"Divorce and Gratitude" by Marcus Banks

Marcus Banks

Marcus Banks

Marcus Banks is the Manager of Education and Research Services at the UC San Francisco Library and Center for Knowledge Management. Previous positions include a fellowship at the National Library of Medicine and work as a reference librarian at the New York University Medical Center. His writing has appeared in professional journals, the San Francisco Chronicle, and the Gotham Gazette.

Divorce and Gratitude  


1. THESIS: Getting divorced is a pain in the ass.

2. She was born in Hong Kong and was not a US citizen. If any relationship defined "opposites attract," it was ours. She was more logical than me, yet more carefree; I was softer, but somehow more uptight.

We married when I was 23 and she was 20, which seems shockingly young but was perfectly suited to my nature (if not to hers.) There is no doubt that we rushed into marriage so that Helen could become a US citizen...but there is no doubt that we loved each other too. From Chicago to Washington DC to New York City, the marriage thrived. We said "I love you" often, cooked Sunday dinners together, and traveled all around the world. There were many rituals, from watching "The Practice" every Sunday to reading the "Metropolitan Diary" in the New York Times together every week. Or my favorite: Helen falling asleep on my shoulder late at night, on all forms of public transportation, as I was reading on the way home.

When we lived in Washington Helen published an essay in the Washington Post's "Life as Haiku" column (in which you must encapsulate your life in 100 words.) It was about how we walked a bloodhound named Maude through our Cleveland Park neighborhood every Saturday morning, as a favor for our neighbor Sue. Helen acknowledged that she was solicitous of Maude's needs during these walks, more so than of mine the rest of the week. Really I was just happy to be with her, because most weeks she traveled for work and we had to cram all the fun stuff into the weekend. But, looking back, Helen had a point.

We moved to Berkeley in the summer of 2007, when Helen began studying for an MBA at Haas. Here is where things unraveled, and that Post piece began to seem prescient. In Berkeley Helen began to treat me as old baggage, yesterday's news. I'll never forget going to parties where she insisted that we walk around separately, as though I were a pariah. The business school staff had warned that an MBA was very hard on relationships—the students have such an intense experience that the partners are often left behind—and in our case they were right. Helen was always independent anyway, with clear hopes of traveling the world and no serious desire to raise a family. I hoped that the lifestyle in the Bay Area would temper those impulses. But an MBA from Haas opens up doors all around the world, and that's what happened for Helen.

One year ago, after things had dwindled down terribly from what they had been, we decided to split. That's not true—Helen wanted out, and I had no choice but to accept her decision. If she is anything she is stubborn, and I'd grown weary of being in a loveless marriage anyway (although I never would have made the move to leave.) Once the decision was pronounced, I immediately recognized the benefits for me. I didn't have to pretend that I wanted to keep hop-skotching around the world, and I could meet someone who wanted to be with me and raise a family. This logical analysis was correct but insufficient, a much too clinical approach to what is ultimately an emotional and lengthy process of healing. I could admit that I was sad, sometimes, but was never able to admit that I was angry.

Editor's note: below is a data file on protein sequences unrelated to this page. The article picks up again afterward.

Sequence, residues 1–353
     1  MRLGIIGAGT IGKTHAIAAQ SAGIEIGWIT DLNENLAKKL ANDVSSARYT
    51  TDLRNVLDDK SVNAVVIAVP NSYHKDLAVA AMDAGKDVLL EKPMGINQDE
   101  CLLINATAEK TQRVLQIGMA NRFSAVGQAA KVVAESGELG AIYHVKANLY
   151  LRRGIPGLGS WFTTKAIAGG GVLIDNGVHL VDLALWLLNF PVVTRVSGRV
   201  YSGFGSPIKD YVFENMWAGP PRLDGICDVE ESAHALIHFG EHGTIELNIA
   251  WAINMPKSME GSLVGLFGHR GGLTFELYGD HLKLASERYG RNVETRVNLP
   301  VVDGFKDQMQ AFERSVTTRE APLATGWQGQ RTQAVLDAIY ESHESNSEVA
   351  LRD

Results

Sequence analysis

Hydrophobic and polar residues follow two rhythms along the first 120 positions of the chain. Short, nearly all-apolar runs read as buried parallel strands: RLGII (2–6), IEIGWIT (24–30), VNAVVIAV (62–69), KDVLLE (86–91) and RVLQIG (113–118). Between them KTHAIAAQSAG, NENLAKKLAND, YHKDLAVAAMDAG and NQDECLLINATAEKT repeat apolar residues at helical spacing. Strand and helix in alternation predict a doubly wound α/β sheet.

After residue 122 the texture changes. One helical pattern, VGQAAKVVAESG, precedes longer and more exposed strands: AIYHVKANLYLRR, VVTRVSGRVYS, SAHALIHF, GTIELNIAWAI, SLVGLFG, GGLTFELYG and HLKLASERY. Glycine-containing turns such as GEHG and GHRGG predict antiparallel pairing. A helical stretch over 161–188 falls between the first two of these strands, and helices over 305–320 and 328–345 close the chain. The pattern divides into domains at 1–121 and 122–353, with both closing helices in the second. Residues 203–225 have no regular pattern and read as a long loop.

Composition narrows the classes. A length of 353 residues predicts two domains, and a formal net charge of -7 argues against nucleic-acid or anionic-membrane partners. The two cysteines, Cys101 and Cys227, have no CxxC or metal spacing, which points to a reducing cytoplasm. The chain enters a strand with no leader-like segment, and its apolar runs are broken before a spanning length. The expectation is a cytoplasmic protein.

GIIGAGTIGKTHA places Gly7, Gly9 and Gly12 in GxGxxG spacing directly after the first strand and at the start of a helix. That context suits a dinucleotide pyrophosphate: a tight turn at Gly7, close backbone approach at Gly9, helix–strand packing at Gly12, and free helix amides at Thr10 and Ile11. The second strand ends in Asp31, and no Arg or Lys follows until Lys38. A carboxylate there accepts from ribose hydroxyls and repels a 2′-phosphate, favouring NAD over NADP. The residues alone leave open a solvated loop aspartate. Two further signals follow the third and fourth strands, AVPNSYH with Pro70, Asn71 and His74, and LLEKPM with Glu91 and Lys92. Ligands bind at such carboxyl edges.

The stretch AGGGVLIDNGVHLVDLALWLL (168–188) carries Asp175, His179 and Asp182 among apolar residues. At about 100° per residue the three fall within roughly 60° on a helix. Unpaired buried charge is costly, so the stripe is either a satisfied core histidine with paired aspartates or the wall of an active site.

3. TUMULT: In fact, I was very angry. I knew that I'd been a caring and faithful husband, and that most of the friendships Helen was making in business school were fleeting and shallow. Why was somebody in some random class more important than me? I was especially angry about how I filed the divorce papers although it was her decision. Of course, I didn't have to do this. But for more than a week those stupid papers lay on our coffee table, as a maddening rebuke of everything I thought was irreversible. And since the die was cast anyway, why not get it over with? On the morning of February 4, 2009 I checked off a box that said there were "irreconcilable differences" between us (the other option was "incurable insanity") and went to Alameda County Superior Court to file it.

Since I'd filed suit, I had to do almost all the follow-up. This required several return trips to court to push around papers. Helen never went with me, and had to go to court far less often. Each time I experienced a mixture of shame and class bias. Most of the people waiting in line seemed at their wits end, as though they never should have been married in the first place. I'd always thought Helen and I had it all together. People like us hire lawyers to do their dirty work, but I didn't want to spend one penny more than the already exorbitant filing fee. So I would stand in line experiencing liberal guilt about feeling superior to others, before admonishing myself for thinking far too much. This was the cycle every single time I went to court, and it only happened because I was in charge of making the divorce official even though it wasn't my idea.

Last year I wasn't able to acknowledge my anger. I tried to be positive by focusing on the good years, or negative by focusing on how bad it had become since we moved to Berkeley. I sometimes cried, talked with many people, went to see a therapist, and wrote a lot. When people asked I would say I was sad but not mad.

Sometimes it felt like people wanted me to be more angry, to lash out in disgust at how Helen had done me wrong. My seemingly resolute approach to dealing with the death of a marriage didn't comport with notions of the "angry divorce." But, while I was more angry than I could admit, ultimately anger seemed (and seems) pointless. Anger is hollow—it doesn't solve anything or return things to the way they were. My approach of focusing on the positive while acknowledging the marriage had run its course was sound, I believe...except that it pushed me to try to re-create what I'd had with Helen much too rapidly.